California Mission Life (1769-1834)

Missions played an important role in the Spanish exploration and settlement of new territory.

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Mission Life

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Missions were established by the Spanish to hold and colonize new land. The California missions were also created for this purpose. This missions consisted of the church, a fort or presidio, and the town or pueblo. The fort and soldiers protected the padres from attack. The town provided the basic necessities for growing families. Men, women and children were brought in from Mexico to settle in the town.

The missions were generally designed as a walled city, in the shape of a quadrangle. The church was on one side, and the fort and town on two other sides, with a large open square in the center.

The picture of life in one of these missions during their period of prosperity is unique and attractive. The whole place was a hive of industry: trades plying indoors and outdoors; tillers, herders, vintagers by hundreds, going to and fro; children in schools; women spinning; bands of young men practising on musical instruments; music, the scores of which, in many instances, they had themselves written out; at evening, all sorts of games of running, leaping, dancing, and ball-throwing, and the picturesque ceremonies of a religion which has always been wise in availing itself of beautiful agencies in color, form, and harmony.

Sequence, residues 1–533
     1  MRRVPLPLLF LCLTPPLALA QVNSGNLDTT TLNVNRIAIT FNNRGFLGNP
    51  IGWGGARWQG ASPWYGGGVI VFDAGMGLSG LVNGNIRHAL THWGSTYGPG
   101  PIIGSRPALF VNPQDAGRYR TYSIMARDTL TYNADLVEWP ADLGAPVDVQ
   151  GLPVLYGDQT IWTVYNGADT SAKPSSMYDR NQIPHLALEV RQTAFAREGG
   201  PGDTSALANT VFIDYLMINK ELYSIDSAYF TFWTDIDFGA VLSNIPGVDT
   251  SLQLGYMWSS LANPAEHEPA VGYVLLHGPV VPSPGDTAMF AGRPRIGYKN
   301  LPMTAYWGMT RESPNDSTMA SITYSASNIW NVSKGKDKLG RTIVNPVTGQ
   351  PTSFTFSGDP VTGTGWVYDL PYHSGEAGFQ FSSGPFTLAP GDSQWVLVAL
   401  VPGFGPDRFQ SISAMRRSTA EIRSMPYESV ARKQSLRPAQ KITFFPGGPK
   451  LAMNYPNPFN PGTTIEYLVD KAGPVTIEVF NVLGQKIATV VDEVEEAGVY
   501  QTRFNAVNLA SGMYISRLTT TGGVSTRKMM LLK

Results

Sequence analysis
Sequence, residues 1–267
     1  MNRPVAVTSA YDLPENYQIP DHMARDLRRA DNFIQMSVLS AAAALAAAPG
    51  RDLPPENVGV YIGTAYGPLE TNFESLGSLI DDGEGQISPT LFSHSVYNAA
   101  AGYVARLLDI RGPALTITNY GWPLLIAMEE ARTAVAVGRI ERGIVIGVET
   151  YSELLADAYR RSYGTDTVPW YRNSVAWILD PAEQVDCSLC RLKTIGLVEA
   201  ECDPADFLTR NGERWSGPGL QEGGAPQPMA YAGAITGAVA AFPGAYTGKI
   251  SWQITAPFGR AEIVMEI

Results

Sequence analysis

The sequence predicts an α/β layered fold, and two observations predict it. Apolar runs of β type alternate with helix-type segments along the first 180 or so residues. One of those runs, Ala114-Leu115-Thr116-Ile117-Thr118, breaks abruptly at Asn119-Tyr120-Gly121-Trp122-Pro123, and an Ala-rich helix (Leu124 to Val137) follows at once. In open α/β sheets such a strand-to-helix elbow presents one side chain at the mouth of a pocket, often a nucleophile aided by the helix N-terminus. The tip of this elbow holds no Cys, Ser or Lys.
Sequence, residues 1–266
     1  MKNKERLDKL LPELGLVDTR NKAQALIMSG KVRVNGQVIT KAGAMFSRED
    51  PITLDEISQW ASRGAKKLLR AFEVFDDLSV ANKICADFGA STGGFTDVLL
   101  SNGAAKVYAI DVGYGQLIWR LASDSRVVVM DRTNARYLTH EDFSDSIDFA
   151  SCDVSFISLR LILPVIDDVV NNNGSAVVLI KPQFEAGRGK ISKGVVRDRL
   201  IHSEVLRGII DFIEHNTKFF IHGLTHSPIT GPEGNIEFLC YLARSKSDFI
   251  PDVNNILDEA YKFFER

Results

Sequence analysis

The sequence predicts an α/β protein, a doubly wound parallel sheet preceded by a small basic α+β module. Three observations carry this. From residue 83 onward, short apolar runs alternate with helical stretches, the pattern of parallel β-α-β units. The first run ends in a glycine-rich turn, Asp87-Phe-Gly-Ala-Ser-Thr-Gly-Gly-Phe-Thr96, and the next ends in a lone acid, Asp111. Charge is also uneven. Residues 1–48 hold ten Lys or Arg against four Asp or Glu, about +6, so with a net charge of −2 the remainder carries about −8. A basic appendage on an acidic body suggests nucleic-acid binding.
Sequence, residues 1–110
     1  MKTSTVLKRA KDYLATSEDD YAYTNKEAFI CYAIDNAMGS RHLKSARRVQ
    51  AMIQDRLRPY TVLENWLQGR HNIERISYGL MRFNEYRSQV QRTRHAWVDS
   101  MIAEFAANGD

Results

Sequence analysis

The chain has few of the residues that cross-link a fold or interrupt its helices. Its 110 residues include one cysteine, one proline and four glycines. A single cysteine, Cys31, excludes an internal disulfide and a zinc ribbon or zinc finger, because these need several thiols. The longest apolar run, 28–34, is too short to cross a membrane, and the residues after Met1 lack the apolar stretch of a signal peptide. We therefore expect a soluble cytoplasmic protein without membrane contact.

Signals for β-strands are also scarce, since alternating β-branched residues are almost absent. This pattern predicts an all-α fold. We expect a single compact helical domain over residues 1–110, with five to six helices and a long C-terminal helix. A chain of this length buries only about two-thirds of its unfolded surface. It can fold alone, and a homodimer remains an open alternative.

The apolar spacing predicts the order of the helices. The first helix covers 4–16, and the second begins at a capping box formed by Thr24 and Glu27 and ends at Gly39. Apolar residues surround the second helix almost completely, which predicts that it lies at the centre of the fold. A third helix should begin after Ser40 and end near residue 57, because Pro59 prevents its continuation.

At every mission were walled gardens with waving palms, sparkling fountains, groves of olive trees, broad vineyards, and orchards of all manner of fruits; over all, the sunny, delicious, winterless California sky.

 

Links to other sites on California Missions

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  Library of Congress California History Collection - The Missions
 

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